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Qualcomm claims first-ever 20 megabits-per-second data call

Qualcomm claims first-ever 20 megabits-per-second data call

HSPA+ can double the data and triple the voice capacity of current HSPA networks

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A recent very high speed data call, using High-Speed Packet Access Plus (HSPA+) network technology, was the first of its kind in the world, according to Qualcomm Incorporated.

The wireless technologies provider claims that the call had a data transfer rate of more than 20 megabits per second (Mbps) in a five megahertz channel.

HSPA+ would allow operators to double the data and triple the voice capacity of their networks compared with current HSPA deployments, Qualcomm said.

"The call represents another milestone for Qualcomm in the HSPA road map's evolution," said Alex Katouzian, vice president of product management, Qualcomm CDMA Technologies.

He explained that the call was achieved on Qualcomm's MDM8200 product, the industry's "first chipset solution for HSPA+". "This is a stepping stone towards commercial deployment of HSPA+, expected early next year."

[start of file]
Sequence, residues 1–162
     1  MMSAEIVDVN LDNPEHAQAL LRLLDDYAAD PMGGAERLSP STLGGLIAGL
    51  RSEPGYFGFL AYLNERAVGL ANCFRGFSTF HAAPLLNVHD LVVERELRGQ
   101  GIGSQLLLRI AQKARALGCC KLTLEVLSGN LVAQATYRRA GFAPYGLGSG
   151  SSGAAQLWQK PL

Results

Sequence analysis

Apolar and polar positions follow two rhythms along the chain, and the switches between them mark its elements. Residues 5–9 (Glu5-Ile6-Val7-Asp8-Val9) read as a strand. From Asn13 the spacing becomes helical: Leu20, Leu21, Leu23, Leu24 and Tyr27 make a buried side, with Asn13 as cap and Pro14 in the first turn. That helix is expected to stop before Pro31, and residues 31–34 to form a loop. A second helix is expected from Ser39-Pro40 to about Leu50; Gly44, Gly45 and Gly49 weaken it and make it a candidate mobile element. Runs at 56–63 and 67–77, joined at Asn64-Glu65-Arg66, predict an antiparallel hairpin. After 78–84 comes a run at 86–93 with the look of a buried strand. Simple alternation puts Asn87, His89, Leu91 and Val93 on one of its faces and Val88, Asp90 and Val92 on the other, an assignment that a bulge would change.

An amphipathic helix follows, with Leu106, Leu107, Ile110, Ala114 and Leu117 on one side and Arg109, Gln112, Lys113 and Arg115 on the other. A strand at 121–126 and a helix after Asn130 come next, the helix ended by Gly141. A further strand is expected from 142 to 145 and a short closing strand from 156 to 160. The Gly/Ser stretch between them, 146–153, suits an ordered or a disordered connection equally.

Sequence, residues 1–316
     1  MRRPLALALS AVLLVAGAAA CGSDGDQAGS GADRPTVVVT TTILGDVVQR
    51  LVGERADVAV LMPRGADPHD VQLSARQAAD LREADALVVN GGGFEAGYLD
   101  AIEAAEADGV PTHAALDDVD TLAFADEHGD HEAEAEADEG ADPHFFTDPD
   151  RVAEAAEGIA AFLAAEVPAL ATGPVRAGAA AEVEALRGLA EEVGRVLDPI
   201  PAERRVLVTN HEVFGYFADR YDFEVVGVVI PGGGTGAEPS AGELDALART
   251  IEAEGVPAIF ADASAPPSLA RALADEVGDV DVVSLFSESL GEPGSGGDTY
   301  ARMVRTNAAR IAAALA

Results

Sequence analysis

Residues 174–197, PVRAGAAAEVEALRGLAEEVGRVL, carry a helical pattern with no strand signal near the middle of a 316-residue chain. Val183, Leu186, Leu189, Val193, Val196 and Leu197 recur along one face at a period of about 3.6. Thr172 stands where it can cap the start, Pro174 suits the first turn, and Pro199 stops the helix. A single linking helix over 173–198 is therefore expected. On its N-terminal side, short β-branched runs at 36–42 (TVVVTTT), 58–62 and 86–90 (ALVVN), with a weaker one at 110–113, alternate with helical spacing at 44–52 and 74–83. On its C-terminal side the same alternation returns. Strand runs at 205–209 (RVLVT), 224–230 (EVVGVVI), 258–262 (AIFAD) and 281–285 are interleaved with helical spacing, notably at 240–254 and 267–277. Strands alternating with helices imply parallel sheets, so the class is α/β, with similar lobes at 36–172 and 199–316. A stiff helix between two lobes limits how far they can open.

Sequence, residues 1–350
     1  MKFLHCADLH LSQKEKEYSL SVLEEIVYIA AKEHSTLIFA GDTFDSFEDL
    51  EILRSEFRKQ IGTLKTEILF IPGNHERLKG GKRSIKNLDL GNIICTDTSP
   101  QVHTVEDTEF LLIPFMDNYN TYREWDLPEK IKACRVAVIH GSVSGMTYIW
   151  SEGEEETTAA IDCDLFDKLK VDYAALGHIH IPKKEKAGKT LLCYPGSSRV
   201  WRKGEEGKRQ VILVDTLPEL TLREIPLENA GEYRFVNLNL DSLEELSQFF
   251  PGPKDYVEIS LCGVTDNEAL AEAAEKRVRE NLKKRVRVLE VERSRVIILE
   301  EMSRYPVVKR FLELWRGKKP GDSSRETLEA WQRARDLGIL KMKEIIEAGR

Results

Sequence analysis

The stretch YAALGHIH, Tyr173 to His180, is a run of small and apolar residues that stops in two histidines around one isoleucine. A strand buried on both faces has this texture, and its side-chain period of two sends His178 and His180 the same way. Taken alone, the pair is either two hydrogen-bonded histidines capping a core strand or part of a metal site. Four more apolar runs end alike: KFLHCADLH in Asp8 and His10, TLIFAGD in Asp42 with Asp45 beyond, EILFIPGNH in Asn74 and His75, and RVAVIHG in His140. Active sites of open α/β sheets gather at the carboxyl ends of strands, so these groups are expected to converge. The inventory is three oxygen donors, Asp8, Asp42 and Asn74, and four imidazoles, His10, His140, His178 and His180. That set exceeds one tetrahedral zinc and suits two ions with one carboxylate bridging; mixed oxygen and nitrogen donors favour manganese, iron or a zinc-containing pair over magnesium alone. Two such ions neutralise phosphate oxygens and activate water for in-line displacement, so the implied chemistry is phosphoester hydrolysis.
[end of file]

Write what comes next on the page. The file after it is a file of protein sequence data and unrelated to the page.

With HSPA+, end users will enjoy quicker internet connections, and network operators can offer more services to subscribers, according to Katouzian.

Also known as 'HSPA Evolved' or 'HSPA+ Release 7', HSPA+ delivers higher data transfer rates, lower latency, better response times and longer battery life than conventional mobile networks, Qualcomm claims.

Faster data transfer rates

According to Katouzian, previous HSPA releases only enabled downlink data transfer rates of between 1.8 and 14.4 Mbps. Uplink speeds were between 384 kilobits per second and 5.7 Mbps.

"Under HSPA+, downlink and uplink data transfer rates can go up to 28 Mbps and 11 Mbps respectively," he said. "Future HSPA+ releases are expected to support downlink peak rates of between 42 and 84 Mbps, and uplink peak rates of 23 Mbps."

Katouzian added that the future speeds would be achieved by using a variety of advanced techniques, including multiple carriers for transferring data. "This should improve performance for a range of data intensive mobile applications."


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